Making an idol of wealth

In our Gospel reading today, a brother feeling aggrieved, and perhaps with a sense of entitlement asks Jesus to instruct his brother to divide their inheritance with him.  To put this into perspective we must bear in mind that it was common practice in Judaism for the oldest son to receive a double portion of the inheritance (Deuteronomy 21:17) and the oldest son was responsible for dividing up the rest after his father’s death. The passage seems to suggest that the younger brother wanted more than his share of the estate.

I may not be that old, but I’ve certainly lived long enough to have witnessed a number of relatives and closer family members passing away.  There have been distant aunts and uncles, grandparents and more recently my father.  When I think about these experiences, I think it’s probably fair to say that without exception when it came to dealing with the inheritance it brought out the worst in some people, and in some cases caused tremendous upset in the family.  I came face to face with avarice and greed, and I saw the destructive effect that had on people. It actually really upset me, and in all honesty I found it profoundly disrespectful to the person who had passed away.  People’s pursuit of wealth can become all consuming and all defining, causing people to lose sight of the things that really matter in life. When a loved one passes away, what is actually the most important thing?

At the end of the day, pursuit of money is chasing after the wind and it’s often all about self – self gain.  Yet there are numerous studies which have been carried out in which researchers have plotted the relationship between wealth and happiness.  All of the research reaches the same conclusion, with the plot featuring 3 distinct sections:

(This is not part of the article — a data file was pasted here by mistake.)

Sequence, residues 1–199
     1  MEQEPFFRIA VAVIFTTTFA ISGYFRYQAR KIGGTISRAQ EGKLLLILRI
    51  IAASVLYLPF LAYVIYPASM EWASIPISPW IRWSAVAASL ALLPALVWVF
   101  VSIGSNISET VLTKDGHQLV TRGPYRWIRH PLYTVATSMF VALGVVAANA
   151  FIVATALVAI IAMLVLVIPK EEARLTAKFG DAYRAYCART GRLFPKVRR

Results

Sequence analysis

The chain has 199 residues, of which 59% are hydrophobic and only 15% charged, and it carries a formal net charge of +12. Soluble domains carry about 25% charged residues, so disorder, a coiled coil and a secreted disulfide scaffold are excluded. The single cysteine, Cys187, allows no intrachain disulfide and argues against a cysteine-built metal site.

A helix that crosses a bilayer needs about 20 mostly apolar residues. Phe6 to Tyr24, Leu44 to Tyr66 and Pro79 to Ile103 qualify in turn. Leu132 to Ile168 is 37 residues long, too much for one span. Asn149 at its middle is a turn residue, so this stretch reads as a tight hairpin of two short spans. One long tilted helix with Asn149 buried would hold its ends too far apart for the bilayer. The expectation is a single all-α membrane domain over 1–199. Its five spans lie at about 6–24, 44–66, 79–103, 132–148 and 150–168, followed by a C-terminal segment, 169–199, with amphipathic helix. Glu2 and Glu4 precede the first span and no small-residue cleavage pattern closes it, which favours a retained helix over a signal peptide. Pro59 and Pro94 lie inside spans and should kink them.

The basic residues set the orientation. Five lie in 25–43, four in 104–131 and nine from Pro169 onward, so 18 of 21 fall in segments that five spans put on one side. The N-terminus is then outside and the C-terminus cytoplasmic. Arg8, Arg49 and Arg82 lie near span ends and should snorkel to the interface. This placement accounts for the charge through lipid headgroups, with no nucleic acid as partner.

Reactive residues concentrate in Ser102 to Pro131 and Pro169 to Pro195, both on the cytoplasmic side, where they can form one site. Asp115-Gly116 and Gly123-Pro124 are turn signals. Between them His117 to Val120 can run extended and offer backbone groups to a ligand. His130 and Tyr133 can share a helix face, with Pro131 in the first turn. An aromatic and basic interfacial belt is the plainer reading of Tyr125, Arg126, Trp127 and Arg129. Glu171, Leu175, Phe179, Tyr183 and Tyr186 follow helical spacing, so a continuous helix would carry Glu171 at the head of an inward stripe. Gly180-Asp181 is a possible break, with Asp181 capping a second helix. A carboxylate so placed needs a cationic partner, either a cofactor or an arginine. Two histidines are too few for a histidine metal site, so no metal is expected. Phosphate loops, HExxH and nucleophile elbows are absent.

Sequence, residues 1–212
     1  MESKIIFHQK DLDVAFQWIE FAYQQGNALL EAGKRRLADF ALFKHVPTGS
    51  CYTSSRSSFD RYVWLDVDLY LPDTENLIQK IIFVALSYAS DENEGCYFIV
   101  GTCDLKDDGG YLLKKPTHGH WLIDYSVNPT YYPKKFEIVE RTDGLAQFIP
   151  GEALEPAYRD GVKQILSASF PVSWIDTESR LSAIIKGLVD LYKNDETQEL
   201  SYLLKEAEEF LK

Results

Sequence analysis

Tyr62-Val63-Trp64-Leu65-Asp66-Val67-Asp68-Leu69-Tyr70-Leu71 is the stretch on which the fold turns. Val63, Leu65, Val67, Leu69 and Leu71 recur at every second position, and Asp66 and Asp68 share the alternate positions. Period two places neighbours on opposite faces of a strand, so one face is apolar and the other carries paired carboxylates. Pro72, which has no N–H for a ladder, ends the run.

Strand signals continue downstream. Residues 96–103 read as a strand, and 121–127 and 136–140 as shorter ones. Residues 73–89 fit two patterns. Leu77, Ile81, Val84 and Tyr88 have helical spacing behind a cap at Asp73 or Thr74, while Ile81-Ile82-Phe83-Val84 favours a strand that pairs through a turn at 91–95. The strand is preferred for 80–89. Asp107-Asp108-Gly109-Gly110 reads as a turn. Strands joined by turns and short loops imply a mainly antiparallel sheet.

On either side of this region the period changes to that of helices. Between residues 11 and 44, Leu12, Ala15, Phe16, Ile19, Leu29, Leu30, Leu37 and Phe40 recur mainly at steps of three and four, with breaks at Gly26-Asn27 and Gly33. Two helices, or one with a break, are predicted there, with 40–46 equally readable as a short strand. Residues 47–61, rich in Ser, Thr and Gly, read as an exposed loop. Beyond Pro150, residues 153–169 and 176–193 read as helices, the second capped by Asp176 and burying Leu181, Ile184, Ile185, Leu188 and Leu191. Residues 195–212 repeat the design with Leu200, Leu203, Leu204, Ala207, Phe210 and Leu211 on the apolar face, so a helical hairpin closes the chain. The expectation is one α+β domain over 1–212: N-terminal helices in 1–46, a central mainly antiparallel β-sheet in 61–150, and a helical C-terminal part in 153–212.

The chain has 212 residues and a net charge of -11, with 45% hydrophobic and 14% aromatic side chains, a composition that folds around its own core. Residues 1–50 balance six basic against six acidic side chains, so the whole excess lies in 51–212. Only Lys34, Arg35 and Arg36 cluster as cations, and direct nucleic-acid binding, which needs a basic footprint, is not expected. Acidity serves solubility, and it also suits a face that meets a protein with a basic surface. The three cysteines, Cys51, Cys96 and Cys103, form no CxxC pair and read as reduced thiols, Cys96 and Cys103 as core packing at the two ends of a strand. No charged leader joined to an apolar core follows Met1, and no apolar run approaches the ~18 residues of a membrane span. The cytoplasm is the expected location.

• In the first section, which begins with zero wealth and zero happiness not surprisingly, happiness rises quite sharply as our wealth increases.  This section of the graph is where our primary or basic human needs, like shelter, food, safety etc. are met.  Our primary human needs are fundamental to our existence.
  • But then in the second section, the gradient is less steep as happiness rises less sharply as wealth continues to increase.  This section of the graph is where our secondary needs like televisions, refrigerators, furniture, books etc. are met.  Our secondary human needs might bring us some measure of fulfilment and pleasure, but at the end of the day we can get by without them.
  • In the final section, happiness does not change even as wealth continues to increase.  There is a plateau or point of saturation.

If our primary and secondary needs are met, accumulating more money beyond that makes little if any difference to our quality of life and happiness. Apparently, John Wesley’s rule of life was to save all he could and give all he could. When he was at Oxford he had an income of £30 a year. He lived on £28 and gave £2 away. When his income increased to £60, £90 and £120 a year, he still lived on £28 and gave the balance away. The Accountant-General for Household Plate demanded a return from him. His reply was, “I have two silver teaspoons at London and two at Bristol. This is all the plate which I have at present; and I shall not buy any more, while so many around me want bread.”

Perhaps being mindful of this, Jesus shares a parable which speaks into the use and abuse of wealth.  Luke, like his Lord, was keenly aware of the dangers of selfishness, avarice and greed. He presented this story from the teaching of Jesus to indicate the utter folly of the rich man’s course of action. The moral that Jesus pointed to is quite plain, a moral that is as relevant in the twenty-first century as it was in the first: “A person is a fool to store up earthly wealth but not have a rich relationship with God” (12:21).